Back to listOct 17, 2005

Institute of Oriental Philosophy Cosponsors Symposium with Harvard University's Yenching Institute and Center for the Study of World Religions

Harvard and visiting scholars discuss "Perspectives of Religion and Globalization"

On October 7, the Institute of Oriental Philosophy (IOP), Hachioji, Tokyo, sponsored with Harvard University's Yenching Institute and Center for the Study of World Religions (CSWR) a symposium entitled "Perspectives on Religion and Globalization." Some 50 Harvard scholars discussed the role of religion in coping with various issues of the global community, such as growing disparity between the haves and have-nots, the rise in international terrorism, and environmental degradation that have reached alarming levels. Panelists and topics were as follows: "'Globalization' in Historical Perspective: A View From Thai Buddhism," CSWR Director Donald Swearer; "How Buddhism Can Contribute to the Creation of a Dialogical Civilization," IOP Director Yoichi Kawada; "The Lotus Sutra and the Dialogue of Religions," Hiroshi Kanno, director of the International Research Institute for Advanced Buddhology; and "Toward a Dialogical Civilization: Religious Leaders as Public Intellectuals."

Referring to the rise of Buddhism in Thailand, Professor Swearer expressed his belief that both an inner-directed revolution and forces spurring social revolution, found in the bodhisattva way, are crucial.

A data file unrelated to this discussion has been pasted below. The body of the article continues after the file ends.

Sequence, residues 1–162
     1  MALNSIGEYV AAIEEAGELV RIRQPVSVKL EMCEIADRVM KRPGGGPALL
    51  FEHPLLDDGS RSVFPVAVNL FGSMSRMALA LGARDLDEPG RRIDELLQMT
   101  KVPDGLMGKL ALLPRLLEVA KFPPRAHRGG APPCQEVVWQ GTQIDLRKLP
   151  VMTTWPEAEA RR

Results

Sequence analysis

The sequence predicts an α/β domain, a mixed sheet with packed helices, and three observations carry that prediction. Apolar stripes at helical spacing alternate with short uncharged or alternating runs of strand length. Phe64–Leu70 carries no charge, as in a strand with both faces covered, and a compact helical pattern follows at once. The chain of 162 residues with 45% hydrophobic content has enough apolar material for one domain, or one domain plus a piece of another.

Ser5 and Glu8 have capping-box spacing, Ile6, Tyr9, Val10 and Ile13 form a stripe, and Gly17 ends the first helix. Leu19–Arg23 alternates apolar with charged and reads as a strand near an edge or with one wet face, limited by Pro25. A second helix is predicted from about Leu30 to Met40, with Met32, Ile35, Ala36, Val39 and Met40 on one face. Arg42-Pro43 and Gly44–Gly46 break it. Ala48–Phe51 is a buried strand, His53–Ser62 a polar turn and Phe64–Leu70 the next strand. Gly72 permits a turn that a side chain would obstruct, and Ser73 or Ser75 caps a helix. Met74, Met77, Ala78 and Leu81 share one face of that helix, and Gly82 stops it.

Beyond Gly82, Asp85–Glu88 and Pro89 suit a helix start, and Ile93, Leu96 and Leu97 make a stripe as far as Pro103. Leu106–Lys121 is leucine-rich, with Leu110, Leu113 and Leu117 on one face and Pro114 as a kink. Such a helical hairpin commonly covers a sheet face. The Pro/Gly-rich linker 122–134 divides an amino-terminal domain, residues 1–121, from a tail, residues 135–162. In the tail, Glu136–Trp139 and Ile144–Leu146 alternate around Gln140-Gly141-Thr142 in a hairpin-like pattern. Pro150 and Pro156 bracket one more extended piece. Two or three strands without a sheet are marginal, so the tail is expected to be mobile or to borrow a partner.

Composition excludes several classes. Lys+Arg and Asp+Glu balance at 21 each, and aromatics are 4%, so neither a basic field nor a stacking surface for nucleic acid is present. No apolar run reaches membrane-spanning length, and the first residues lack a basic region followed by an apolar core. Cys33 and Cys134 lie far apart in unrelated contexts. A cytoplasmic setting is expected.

Professor Tu urged that a dialogical civilization, grounded in humanism and spirituality, is essential to fostering global citizens in the age of globalization. This type of "dialogue" is rooted in people's everyday lives and is oriented toward a mutual inclusivism that embraces both humanism and spirituality. Professor Tu emphasized that conformity was not the goal, but that religions should harness universality through harmony that acknowledges diversity while preserving respective traditions, for the sake of humanity's prosperity.

Dr. Kawada introduced the Buddhist concept of the "oneness of self and environment," and second Soka Gakkai President Josei Toda's view that the universe embodies compassion. Speaking on the teachings contained in the Lotus Sutra, Professor Kanno stated that individuals manifesting the bodhisattva spirit embodied in a "great vow" and "compassion" were crucial for overcoming global issues.